Bruce Alexander's "The Globalization of Addiction" is probably the best book out there on the relationship between addiction and capitalism. Here's a review I wrote a while back:
October 13, 2008
The spirit of Halloween thrives even as the lifeblood drains from every other seasonal celebration. It's not just that these other holidays are being commercialized into oblivion, it's that they seem to be losing their very souls. Christmas images of holiness and serenity, for example, barely conceal the confused desperation that permeates our communities, our families, our innermost selves. How many people experience any kind of peace or connectedness on holidays like Christmas, Diwali, or Eid ul-Fitr, or feel any hint of spiritual regeneration on Easter, Ashura, or Passover? Rarely do these holidays allow us to escape or transcend the fragmentation and brutality of our daily lives, and so their power, their sanctity, falters and fades, leaving us stranded in the profanity of this ruined world. Halloween celebrations, meanwhile, grow larger and wilder with every passing year, while Halloween imagery becomes ever-darker, ever-more viciously surreal.
I'm not talking about children's trick-or-treating, or even the Samhain Sabbat celebrated by Wiccans and Neo-Pagans, but rather the Halloween the rest of us know, the Halloween decorated with fetish balls, horror movies, and torture porn, the Halloween that even the radical Christian Right celebrates with its sadistic Hell Houses and Revelation Walks. Here is a holiday that can still harrow the human heart. Though other holidays can barely budge the gates of light, Halloween can still open the doors to the underworld. What explains this discrepancy? Why does Halloween resonate so well with us, while other holidays barely resonate at all?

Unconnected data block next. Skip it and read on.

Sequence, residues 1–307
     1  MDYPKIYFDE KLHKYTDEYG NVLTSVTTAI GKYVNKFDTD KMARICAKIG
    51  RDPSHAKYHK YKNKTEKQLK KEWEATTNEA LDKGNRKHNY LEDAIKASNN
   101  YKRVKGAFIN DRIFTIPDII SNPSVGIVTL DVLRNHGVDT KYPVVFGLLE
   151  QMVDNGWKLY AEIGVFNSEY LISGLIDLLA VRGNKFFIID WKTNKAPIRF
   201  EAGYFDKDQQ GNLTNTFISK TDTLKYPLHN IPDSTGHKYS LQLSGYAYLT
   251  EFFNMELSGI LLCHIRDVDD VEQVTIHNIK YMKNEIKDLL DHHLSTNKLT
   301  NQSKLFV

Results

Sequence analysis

The iconography of Halloween is full of death, mutilation, and madness. A holiday like Halloween could have achieved such prominence only in a context of profound emotional anguish. In The Globalization of Addiction: A Study in Poverty of the Spirit (Oxford University Press, 2008), Simon Fraser University Professor Emeritus Bruce Alexander argues that while widespread anguish can accompany catastrophes in any society, free-market societies such as our own produce monstrous levels of emotional pain during even the very best of times.
Alexander writes that viable societies help people achieve psychosocial integration. He defines psychosocial integration as "a profound interdependence between individual and society that normally grows and develops throughout each person's lifespan. Psychosocial integration reconciles people's vital needs for social belonging with their equally vital needs for individual autonomy and achievement. Psychosocial integration is as much an inward experience of identity and meaning as a set of outward social relationships. An enduring lack of